Egyptian city with a Pyramid in view

You have probably stumbled upon the concept of the Testing Pyramid at some point. It’s a visual metaphorical representation of what a product’s test coverage should look like on the different testing layers. It is a somewhat simplistic look at the topic and people often argue about the naming convention for the different layers. However, it is not meant to be a detailed representation but rather a general idea and aspirational goal.

The main point of it still remains valid, especially for teams doing Agile Development. It highlights the value of testing, but even more so the importance of knowing where and how to test. We want our tests to cost less and the results to be fast. How should we accomplish this? Let’s find out together!

A Pyramid Blueprint

To find out how to best select test cases, let’s deconstruct the testing pyramid. When people talk about it they usually refer to something like this:

The concept tells us we should have very few tests at the top because the higher you go up the pyramid, running the tests becomes more expensive and slower. As indicated by the image above – have less heavy turtles, more light bunnies. It takes longer to receive feedback from upper layer tests and they often require more effort to write and maintain. Therefore we want to write tests on the lower layers, where the return on investment is much higher.

We can have multiple layers depending on the system we are working with. In general the idea itself is presented with 3 layers:

  • The top layer is end-to-end tests executed directly via the user interface.
  • The middle layer is testing through a service layer of the application, such as API testing.
  • The bottom layer is made of tests in the smallest possible form, such as unit tests.

The writing and maintenance costs per layer depend on the project state and the development approach, but still, the test runs are always faster the further down you go. Does this mean we should only write tests on the bottom layer? If we do so, we would no longer have a pyramid. While our coverage should lean toward the lowest layer, we can and should have tests on all layers. Why? Let’s find out through a look at all layers from the perspective of a simple login form.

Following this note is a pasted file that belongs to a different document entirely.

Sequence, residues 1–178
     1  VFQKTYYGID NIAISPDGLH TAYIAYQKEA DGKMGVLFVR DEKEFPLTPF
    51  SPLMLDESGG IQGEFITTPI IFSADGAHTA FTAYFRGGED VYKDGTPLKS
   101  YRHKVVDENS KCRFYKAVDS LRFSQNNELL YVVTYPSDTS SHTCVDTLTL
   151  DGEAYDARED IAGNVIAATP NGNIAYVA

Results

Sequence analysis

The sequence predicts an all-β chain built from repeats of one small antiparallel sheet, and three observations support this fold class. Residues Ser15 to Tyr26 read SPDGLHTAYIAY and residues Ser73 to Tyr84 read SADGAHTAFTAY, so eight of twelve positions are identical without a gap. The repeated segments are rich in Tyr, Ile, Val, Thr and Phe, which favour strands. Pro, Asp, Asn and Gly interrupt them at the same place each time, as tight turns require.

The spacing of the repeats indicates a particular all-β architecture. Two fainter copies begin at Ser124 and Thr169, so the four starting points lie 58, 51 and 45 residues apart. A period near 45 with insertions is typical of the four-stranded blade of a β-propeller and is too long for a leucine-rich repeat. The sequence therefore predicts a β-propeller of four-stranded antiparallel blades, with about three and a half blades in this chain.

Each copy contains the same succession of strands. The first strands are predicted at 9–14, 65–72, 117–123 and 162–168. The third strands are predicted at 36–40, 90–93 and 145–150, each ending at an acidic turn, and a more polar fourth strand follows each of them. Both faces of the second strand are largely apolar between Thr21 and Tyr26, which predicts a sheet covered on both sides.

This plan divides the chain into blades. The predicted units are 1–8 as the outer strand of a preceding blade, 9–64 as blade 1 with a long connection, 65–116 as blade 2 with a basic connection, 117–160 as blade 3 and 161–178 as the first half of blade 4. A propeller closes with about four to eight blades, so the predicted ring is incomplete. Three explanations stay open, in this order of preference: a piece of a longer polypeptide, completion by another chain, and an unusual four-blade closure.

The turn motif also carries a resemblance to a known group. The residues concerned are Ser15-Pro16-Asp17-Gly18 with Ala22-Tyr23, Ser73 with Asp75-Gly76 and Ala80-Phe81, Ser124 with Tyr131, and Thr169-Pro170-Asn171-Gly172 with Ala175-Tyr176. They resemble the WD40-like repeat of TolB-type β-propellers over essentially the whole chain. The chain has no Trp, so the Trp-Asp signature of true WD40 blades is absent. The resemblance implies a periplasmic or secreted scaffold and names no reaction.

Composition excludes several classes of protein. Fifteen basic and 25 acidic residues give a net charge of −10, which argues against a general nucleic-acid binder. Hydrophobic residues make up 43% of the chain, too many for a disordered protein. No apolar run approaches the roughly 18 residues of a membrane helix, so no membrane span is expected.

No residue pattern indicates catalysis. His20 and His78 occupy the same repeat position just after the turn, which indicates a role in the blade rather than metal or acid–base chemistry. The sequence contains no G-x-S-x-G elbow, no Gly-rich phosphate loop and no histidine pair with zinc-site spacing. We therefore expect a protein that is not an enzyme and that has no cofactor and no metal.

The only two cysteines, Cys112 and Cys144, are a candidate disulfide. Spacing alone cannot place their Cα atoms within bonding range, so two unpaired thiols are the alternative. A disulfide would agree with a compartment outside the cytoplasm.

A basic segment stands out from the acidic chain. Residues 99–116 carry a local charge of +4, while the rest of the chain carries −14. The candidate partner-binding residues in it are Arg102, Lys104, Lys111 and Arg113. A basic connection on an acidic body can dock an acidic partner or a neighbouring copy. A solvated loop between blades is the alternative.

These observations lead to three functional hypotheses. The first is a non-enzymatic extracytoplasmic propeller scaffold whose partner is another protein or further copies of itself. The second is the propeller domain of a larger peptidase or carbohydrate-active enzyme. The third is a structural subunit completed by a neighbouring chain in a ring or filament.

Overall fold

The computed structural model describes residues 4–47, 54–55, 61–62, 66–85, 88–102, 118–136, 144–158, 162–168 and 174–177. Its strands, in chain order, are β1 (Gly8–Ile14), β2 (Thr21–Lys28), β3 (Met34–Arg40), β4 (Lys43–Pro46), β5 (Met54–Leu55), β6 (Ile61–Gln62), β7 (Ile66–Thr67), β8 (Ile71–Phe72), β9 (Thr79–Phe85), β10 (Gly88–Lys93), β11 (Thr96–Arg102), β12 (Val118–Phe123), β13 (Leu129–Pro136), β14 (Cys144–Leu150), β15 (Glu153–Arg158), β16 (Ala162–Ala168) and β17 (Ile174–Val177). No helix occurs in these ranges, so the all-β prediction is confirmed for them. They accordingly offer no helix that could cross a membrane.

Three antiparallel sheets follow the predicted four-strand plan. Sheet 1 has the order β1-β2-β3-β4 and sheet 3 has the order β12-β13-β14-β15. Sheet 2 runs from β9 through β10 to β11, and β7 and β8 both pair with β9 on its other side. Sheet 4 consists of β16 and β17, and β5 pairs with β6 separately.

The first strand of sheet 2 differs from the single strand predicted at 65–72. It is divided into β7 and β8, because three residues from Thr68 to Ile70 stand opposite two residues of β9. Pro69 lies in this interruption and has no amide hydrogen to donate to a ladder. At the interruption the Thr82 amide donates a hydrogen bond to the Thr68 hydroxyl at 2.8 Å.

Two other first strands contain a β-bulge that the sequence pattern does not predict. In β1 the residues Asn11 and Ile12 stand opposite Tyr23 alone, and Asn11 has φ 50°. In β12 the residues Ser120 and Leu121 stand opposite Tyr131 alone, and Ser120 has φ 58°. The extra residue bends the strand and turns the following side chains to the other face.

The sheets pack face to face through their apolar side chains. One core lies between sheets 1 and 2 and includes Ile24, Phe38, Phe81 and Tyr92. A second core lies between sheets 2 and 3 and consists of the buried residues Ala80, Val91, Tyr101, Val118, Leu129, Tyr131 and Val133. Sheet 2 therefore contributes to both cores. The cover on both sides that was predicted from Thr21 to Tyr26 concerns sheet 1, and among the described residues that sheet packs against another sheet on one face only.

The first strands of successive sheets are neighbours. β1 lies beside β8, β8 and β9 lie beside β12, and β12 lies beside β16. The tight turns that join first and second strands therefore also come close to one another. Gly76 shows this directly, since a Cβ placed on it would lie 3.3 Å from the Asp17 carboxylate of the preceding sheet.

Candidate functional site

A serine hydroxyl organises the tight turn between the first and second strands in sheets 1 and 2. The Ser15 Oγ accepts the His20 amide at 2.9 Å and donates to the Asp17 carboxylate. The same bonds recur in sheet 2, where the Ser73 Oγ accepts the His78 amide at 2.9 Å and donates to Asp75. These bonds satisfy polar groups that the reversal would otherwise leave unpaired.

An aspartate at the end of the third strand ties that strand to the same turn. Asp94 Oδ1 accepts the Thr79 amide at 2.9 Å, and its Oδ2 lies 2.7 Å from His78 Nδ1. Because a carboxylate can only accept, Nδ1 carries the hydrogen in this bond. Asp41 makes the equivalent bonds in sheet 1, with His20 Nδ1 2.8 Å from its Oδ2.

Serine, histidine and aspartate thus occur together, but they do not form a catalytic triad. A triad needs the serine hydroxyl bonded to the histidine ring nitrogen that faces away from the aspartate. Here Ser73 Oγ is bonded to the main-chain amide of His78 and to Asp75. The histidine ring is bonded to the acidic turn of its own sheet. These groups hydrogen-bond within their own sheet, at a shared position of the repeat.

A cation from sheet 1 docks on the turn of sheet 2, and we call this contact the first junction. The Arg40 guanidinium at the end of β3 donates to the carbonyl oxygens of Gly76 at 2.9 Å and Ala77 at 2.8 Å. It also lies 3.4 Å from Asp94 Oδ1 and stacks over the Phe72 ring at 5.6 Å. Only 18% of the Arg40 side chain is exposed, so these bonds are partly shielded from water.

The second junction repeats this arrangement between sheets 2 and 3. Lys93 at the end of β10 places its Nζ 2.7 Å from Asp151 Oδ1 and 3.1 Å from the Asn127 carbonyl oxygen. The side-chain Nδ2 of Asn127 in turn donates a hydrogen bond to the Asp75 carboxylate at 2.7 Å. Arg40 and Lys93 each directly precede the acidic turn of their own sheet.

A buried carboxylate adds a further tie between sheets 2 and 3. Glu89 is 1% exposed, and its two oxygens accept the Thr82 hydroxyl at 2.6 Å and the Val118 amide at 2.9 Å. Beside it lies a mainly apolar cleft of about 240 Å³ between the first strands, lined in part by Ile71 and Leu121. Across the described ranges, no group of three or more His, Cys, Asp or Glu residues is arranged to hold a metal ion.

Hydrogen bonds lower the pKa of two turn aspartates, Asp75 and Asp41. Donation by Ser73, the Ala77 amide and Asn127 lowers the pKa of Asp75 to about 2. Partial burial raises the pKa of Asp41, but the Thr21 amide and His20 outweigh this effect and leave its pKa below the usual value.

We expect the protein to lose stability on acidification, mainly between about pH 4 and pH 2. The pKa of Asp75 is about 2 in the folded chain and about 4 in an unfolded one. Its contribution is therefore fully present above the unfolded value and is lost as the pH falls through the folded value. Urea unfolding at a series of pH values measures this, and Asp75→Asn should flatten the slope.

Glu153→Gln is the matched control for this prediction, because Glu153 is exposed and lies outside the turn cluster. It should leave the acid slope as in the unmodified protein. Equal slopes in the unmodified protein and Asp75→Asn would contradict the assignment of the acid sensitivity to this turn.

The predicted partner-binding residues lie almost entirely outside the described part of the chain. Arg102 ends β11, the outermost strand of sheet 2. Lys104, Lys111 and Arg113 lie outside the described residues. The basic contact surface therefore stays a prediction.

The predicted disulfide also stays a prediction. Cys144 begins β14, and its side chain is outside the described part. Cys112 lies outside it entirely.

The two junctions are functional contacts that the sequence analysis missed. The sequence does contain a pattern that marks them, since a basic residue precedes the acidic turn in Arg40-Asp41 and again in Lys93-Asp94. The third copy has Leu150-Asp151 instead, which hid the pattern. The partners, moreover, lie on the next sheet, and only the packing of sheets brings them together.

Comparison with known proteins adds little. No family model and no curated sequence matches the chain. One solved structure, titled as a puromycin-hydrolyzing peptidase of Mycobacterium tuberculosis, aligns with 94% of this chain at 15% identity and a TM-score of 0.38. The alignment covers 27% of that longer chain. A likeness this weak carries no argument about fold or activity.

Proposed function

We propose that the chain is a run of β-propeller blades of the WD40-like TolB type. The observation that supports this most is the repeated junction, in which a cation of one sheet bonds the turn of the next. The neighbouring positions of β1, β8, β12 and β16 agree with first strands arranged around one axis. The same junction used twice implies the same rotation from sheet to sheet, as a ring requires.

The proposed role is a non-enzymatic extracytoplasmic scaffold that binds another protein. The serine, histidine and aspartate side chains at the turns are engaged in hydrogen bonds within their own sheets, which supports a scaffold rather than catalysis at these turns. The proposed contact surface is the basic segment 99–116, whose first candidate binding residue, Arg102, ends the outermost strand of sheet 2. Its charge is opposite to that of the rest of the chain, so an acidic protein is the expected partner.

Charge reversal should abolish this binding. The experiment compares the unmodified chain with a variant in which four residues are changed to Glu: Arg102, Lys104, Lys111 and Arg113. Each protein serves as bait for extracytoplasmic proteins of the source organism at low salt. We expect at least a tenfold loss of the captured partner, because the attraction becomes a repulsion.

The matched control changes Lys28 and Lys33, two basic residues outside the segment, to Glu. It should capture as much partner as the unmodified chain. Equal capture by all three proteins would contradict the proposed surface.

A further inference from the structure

What’s in a login form? At least a username, a password, and a button. Even with just this we already have multiple test cases. We can input a username and a password and click login. We can verify we are redirected to the correct next page after successful authentication. But wait — has the username been filled? Has the password been filled? Is the username existing? Is the password correct?

The more questions we see, the more testing potential we are locating. With each question we have to ask ourselves on which layer should that test go.

The top layer

Here we are mimicking a player’s behavior. Everything they do, we do as well. Typing out or sending the keys to the input fields, clicking the login button, verifying we reach the correct next stage. Similar to a user execution, even a single test will take at least a few seconds to run. The duration of a whole suite of such tests, or even multiple suites, grows very quickly with each test. In addition to the duration, there is a high maintenance effort. Any change in the UI is likely to require changes to the tests.

Rough summary of the test behavior:

  • Integration of different components.
  • Actual user behavior.
  • Slow feedback.
  • Fragile.

We want the positive outcomes but not the drawbacks, so we do minimal coverage here.

The middle layer

For most of the test cases, we mentioned we don’t really need the user perspective. For example, we can try doing a direct request for the login form with our data being set up beforehand. We can follow the redirect, to verify that we reach the desired next page. We could avoid spending time typing characters and clicking buttons while testing the different scenarios relating to the authentication of the credentials. There is no UI slowing us down and the tests are not as fragile. Unless the services themselves change, you have little maintenance to do.

Rough summary of the test behavior:

  • Integration of different components
  • Not actual user behavior
  • Fast feedback
  • Less fragile

We do lose the user view but we gain quite a few improvements in speed and lower maintenance effort so we do more tests here.

The bottom layer

This layer is essentially small pieces of test code verifying different functions. For example, we can verify that the input for the username or password cannot exceed a certain length, that special characters are handled correctly, etc. There is basically no interaction between the various components here which in turn improves the speed of the tests even more. Maintenance is rare and easy as it directly connects to any changes done on the component at hand. Once again comparing to the previous layers we observe the following:

  • No integration
  • Not actual user behavior
  • Very fast feedback
  • Not fragile

Even further gains in terms of speed and maintenance effort can be observed here, but at the same time we lose integration coverage.

In the end we do want to put all 3 layers to use. We want to gain the benefits from all while avoiding the heavy impact of their drawbacks.

Building the Pyramid

How do we turn this approach into practice? We ask ourselves which test cases we should focus on and then we look where these pieces fit within our pyramid.